—  the Millennium Transit scheme in London will have an almost entirely segregated route, with traffic priority. Half the route is on a new guideway with electronic guidance and all stops will approach full RTRT standards. The dedicated vehicles are low-floor and comply with HMRI accessibility requirements;

    —  the Essen guided busway. One former narrow-gauge tram route in need of modernisation was converted to a kerb-guided busway in 1980 using funds provided by the Federal Ministry for Technical Development. The vehicles are dual-mode (diesel/trolley) and some of the stops have platforms at bus floor height. Although the route has been technically successful it has not been a notable commercial success. With the withdrawal of Federal funding the decision has been made to concentrate investment on the modernisation of tram routes and the extensions of the light rail system;

    —  the Adelaide guided busway. This is the longest kerb-guided busway and the only one in service outside Germany. The kerb guidance means that the system cannot be incorporated within an existing carriageway and the segregated section ends at the outskirts of the city centre and the buses must run downtown in general traffic. It is claimed to be successful, but no extensions have been built and no further systems have been built to date.

  Other guided bus schemes—such as those in Ipswich and Leeds—are basically high-quality bus priority measures. The guideway sections form self-enforcing bus lanes to take the buses up to the front of traffic queues at traffic lights, whence they can be given priority and allowed to get ahead of the general traffic stream. Critics might argue that a bus lane provides the same priority if strictly enforced; a busway can be regarded as merely a self-enforcing bus lane.

  One of the other elements of an RTRT scheme should be electric traction. This is well established in the world. There are approximately as many trolley bus systems in the world as there are tramways, albeit there have been very few systems in recent years.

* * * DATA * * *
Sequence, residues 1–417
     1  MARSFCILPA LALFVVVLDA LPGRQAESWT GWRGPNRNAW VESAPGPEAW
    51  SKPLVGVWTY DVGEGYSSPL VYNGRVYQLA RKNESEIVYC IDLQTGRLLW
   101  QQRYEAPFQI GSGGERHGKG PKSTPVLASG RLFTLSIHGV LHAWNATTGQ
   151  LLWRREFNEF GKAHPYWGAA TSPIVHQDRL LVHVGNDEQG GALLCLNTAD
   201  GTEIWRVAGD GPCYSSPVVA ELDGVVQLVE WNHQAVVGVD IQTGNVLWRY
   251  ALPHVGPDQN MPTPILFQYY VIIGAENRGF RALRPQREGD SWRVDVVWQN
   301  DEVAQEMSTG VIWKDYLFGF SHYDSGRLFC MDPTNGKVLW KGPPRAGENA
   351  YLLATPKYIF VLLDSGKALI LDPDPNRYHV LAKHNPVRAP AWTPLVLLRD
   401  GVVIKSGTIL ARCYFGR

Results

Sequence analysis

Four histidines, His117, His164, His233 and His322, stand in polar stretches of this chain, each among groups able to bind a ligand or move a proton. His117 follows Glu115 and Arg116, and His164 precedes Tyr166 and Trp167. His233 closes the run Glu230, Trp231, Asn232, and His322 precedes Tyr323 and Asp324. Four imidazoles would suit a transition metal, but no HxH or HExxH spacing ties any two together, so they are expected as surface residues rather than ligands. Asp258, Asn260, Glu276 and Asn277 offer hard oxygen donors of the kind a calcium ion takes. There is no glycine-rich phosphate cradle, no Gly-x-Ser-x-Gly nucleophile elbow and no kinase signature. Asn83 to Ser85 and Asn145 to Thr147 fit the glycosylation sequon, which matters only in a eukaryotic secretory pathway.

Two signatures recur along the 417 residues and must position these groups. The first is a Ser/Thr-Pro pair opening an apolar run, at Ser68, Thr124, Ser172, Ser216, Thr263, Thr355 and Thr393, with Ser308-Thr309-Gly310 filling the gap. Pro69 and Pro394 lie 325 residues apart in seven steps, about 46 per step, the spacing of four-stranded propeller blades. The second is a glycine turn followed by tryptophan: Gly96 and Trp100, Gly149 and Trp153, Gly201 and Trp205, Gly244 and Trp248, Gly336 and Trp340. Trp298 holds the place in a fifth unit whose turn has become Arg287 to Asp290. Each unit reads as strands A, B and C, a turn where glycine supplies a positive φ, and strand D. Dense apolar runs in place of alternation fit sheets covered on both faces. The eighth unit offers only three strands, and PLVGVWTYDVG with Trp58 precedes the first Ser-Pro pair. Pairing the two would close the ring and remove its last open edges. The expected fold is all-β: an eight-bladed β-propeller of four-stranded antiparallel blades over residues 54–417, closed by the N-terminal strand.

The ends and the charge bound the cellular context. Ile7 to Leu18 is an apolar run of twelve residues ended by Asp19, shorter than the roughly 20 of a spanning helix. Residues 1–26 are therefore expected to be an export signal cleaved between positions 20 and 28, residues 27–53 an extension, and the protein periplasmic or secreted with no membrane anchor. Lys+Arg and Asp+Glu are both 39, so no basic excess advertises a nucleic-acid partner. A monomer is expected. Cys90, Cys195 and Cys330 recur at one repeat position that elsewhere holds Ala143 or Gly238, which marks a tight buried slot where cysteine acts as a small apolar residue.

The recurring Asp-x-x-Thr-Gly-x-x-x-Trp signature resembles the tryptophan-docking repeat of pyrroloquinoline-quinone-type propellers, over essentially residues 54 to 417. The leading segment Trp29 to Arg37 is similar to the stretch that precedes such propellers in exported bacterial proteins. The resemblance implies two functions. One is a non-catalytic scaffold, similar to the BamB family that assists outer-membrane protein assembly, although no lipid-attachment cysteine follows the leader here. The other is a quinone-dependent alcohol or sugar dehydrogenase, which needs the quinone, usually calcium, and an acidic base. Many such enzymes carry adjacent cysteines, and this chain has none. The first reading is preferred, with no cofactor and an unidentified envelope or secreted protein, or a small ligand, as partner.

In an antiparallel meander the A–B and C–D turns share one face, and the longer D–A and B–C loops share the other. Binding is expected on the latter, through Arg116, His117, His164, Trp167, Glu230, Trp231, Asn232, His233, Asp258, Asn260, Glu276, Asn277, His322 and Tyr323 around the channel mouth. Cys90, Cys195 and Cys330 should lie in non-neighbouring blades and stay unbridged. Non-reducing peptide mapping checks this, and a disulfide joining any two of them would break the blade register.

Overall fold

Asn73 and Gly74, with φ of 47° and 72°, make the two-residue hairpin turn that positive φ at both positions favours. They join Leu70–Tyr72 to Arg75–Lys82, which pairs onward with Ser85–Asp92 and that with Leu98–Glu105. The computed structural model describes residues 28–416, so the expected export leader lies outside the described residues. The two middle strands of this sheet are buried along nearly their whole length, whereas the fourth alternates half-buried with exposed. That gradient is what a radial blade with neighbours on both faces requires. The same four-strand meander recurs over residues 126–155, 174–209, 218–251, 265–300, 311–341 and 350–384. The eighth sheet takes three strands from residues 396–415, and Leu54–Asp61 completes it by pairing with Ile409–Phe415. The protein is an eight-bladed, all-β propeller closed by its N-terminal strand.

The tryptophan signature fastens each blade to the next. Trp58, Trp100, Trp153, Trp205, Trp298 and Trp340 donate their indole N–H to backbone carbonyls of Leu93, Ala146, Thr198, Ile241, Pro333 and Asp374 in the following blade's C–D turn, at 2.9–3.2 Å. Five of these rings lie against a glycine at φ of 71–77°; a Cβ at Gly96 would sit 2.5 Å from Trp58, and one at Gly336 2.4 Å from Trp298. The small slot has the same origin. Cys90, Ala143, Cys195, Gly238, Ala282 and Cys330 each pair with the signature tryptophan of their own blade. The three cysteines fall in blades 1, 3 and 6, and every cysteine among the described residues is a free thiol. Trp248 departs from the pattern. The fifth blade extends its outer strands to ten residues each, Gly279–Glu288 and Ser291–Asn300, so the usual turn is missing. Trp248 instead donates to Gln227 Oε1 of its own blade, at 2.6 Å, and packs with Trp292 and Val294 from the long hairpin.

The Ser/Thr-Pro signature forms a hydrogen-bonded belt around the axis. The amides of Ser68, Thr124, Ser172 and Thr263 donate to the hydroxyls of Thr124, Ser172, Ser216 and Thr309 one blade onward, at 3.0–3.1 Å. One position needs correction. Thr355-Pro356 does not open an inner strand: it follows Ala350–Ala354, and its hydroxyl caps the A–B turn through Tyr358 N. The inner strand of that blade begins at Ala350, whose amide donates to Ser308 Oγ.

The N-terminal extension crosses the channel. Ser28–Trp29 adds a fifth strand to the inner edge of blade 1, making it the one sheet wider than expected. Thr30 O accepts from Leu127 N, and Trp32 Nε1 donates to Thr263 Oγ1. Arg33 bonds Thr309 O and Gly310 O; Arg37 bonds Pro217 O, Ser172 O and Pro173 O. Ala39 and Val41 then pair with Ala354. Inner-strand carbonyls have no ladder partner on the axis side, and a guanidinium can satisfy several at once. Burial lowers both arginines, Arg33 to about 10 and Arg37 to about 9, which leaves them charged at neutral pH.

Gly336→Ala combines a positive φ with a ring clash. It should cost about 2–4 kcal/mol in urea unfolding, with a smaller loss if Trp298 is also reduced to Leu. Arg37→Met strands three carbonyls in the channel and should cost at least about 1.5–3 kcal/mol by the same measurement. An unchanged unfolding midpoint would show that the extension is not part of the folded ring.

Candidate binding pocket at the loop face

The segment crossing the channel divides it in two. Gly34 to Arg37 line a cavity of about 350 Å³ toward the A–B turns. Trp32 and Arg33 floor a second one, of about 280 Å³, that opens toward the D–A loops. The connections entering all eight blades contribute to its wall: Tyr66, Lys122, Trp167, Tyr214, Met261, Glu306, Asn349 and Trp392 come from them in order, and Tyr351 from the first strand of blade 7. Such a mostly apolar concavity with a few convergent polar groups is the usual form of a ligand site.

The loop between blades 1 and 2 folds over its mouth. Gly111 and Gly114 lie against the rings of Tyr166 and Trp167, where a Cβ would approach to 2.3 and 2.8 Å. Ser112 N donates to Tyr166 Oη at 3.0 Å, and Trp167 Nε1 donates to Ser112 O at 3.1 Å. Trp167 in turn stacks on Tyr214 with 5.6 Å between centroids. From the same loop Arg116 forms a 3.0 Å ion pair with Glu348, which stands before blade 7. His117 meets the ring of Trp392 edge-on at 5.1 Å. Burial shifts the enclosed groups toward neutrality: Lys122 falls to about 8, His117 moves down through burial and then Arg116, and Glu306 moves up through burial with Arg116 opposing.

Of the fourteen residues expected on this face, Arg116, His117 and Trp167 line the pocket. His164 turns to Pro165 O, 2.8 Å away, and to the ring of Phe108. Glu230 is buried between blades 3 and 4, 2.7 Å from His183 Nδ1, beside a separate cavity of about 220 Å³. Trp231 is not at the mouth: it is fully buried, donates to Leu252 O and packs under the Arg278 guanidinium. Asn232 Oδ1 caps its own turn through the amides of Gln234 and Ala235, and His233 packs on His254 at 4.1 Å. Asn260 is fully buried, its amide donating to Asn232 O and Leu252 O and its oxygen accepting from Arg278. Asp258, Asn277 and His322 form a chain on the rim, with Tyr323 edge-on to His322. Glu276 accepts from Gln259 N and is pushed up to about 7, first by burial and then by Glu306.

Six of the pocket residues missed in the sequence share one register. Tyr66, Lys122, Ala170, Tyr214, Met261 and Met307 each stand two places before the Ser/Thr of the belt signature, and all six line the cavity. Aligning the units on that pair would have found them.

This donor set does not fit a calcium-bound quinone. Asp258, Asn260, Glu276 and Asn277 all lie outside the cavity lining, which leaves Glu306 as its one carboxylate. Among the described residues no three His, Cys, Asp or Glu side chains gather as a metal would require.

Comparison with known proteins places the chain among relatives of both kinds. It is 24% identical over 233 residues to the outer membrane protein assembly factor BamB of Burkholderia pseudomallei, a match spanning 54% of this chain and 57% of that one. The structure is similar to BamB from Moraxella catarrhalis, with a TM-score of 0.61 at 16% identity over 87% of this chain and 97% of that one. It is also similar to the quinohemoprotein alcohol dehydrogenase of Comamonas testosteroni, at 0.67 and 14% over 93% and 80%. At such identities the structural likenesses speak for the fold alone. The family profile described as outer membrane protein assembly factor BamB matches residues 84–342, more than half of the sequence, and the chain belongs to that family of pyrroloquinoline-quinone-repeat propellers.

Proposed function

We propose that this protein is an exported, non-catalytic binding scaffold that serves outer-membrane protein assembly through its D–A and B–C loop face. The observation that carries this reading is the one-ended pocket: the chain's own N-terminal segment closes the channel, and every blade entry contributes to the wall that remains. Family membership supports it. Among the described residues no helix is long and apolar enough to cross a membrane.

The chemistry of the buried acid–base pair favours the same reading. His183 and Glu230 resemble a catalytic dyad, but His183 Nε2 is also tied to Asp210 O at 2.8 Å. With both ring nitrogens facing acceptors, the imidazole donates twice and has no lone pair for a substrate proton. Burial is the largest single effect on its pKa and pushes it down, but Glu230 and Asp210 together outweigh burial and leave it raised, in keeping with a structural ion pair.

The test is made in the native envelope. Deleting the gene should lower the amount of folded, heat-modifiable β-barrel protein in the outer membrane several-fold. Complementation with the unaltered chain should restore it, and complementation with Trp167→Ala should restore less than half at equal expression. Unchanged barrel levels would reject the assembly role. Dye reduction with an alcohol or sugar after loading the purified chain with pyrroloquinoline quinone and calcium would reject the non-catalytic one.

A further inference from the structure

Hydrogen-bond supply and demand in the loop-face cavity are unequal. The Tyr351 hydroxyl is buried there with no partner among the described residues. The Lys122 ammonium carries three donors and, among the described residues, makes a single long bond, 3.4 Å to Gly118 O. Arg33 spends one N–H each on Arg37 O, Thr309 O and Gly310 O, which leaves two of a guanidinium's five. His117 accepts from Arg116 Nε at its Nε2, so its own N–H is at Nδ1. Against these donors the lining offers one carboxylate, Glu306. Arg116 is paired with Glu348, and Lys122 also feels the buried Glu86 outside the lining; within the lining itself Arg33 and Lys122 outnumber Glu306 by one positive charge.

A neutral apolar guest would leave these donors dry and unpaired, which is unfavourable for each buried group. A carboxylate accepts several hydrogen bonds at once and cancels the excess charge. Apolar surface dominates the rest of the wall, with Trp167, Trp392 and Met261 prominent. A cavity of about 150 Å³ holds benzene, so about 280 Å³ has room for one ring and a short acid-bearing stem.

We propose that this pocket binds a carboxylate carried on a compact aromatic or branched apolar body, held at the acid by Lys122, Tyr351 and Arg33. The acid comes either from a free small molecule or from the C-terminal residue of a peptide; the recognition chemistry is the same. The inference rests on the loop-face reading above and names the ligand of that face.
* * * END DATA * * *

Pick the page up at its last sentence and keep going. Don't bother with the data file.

Electric traction has a number of significant advantages:

    —  it is far quieter than any internal combustion engined system, both in acceleration and braking.

    —  Decelerating vehicles can return energy to the overhead system where it can be used by other vehicles on the line, thus saving overall fuel consumption and avoiding the noisy and fuel inefficient system of friction braking or hydraulic retarders.

    —  The vehicles produce no pollution at the point of use. This is of particular advantage in crowded city streets. It has been argued that the pollution is merely removed to the generating plant, but herre there are a far wider choice of fuel sources, including renewables, and it will always be better and more economic to clean up one Power Station smoke stack than the tailpipes of hundreds of individual vehicles. If the Power Station is a combined heat and light plant then the overall energy efficiency of electric traction becomes even higher.

  A good example of a city which is achieving a system having many of the characteristics of RTRT would be Arnhem in the Netherlands. The city centre was largely destroyed in 1944-45 and with it went its tramway. Post-war reconstruction lead to the introduction of a trolley bus system and new buses. A radical plan adopted a few years ago and now coming to fruition has a three level public transport provision.

  The lowest demand areas are served by dial-a-ride and paratransit, secondary corridors are served with buses using "green diesel" and LPG power and with limited traffic priority. Primary routes are served by a modernised trolley bus system, with 18m articulated, low-floor buses running on a mixture of bus priority lanes and segregated bus roads. Traffic signal priority is given at intersections. The system performs well and is held in great regard by the citizens—indeed one of the slogans of the city is—Arnhem, trolley stadt.